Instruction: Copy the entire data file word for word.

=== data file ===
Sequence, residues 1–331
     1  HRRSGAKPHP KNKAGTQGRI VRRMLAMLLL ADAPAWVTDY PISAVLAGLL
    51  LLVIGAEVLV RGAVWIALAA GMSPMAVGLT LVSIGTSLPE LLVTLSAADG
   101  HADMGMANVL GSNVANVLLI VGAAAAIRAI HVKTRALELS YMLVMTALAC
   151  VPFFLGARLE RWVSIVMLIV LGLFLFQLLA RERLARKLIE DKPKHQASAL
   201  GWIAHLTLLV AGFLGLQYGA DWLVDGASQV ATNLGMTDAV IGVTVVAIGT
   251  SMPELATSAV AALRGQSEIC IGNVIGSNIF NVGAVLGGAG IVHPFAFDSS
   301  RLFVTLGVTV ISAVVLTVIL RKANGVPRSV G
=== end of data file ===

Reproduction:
Sequence, residues 1–331
     1  HRRSGAKPHP KNKAGTQGRI VRRMLAMLLL ADAPAWVTDY PISAVLAGLL
    51  LLVIGAEVLV RGAVWIALAA GMSPMAVGLT LVSIGTSLPE LLVTLSAADG
   101  HADMGMANVL GSNVANVLLI VGAAAAIRAI HVKTRALELS YMLVMTALAC
   151  VPFFLGARLE RWVSIVMLIV LGLFLFQLLA RERLARKLIE DKPKHQASAL
   201  GWIAHLTLLV AGFLGLQYGA DWLVDGASQV ATNLGMTDAV IGVTVVAIGT
   251  SMPELATSAV AALRGQSEIC IGNVIGSNIF NVGAVLGGAG IVHPFAFDSS
   301  RLFVTLGVTV ISAVVLTVIL RKANGVPRSV G